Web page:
boda-motorcycle-taxi-uganda

Learn to laugh at yourself

We have enjoyed trying to understand Ugandan humor. And what we’ve learned is that often, we mzungus are the source of it. Just this past week, a Ugandan friend invited us to a comedy event in Jinja where the MC shone a spotlight on our table of mzungus and made jokes throughout the evening about the “white people” in the crowd. 

Gabriel wearing his umbrella hat at a recent football match. It was definitely a source of laughter!

Gabriel wearing his umbrella hat at a recent football match. It was definitely a source of laughter!

Don’t sweat…

…the small stuff. No one is immune to sweating in Africa, but you can control the things you sweat. If no one in town has chocolate for milkshakes, or the electricity has been cut for a few hours without reason, don’t sweat it. Kyili bwe kyili — it cannot be helped. There are much larger problems to solve than where that three-month-late-shipment-of-dr-pepper is. 

I had to travel all the way to the Middle East to find a Dr. Pepper.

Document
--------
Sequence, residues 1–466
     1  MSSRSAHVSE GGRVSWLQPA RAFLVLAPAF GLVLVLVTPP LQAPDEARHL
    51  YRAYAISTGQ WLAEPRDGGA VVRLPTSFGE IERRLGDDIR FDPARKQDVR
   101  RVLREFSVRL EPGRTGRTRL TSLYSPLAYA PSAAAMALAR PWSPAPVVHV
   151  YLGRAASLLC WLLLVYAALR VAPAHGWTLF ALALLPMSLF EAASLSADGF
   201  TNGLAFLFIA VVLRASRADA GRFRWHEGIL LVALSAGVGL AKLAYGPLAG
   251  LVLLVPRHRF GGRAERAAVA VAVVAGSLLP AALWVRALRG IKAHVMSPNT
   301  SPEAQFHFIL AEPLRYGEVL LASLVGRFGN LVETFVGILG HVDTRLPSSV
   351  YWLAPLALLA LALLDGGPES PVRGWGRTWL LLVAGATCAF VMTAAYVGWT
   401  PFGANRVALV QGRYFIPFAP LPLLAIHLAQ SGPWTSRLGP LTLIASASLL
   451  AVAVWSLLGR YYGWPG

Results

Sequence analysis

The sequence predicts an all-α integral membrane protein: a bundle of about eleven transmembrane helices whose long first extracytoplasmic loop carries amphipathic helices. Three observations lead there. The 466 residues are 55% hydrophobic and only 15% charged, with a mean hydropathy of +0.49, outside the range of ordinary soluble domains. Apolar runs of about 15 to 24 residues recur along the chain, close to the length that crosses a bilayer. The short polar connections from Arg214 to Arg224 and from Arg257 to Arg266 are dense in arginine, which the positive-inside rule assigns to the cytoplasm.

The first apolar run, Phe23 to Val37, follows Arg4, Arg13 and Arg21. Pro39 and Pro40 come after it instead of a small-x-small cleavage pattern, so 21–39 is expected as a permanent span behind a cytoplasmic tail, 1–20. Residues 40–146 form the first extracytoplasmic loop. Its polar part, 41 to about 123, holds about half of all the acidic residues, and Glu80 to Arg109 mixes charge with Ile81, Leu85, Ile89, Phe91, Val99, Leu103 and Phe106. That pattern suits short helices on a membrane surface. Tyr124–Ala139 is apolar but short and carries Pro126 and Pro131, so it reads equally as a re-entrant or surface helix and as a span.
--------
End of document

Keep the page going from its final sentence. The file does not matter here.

I had to travel all the way to the Middle East to find a Dr. Pepper. 

We loved our short time in Uganda. We loved the people we met, the food, the weather and the raw beauty of the African landscape. And the dance parties — oh how we'll miss the dance parties with our girls. While we are sad to leave, we also look forward in anticipation of what’s to come. 


To protect the privacy of Amazima's students and families, we do not use their legal names in blog posts. Unless we had permission to publish their story, aliases will be used. 

A note to our financial sponsors and prayer partners —
Last week we sent an email to you with more details about this transition and where we are headed next. If you did not receive it, please email us and we will be in touch with more information.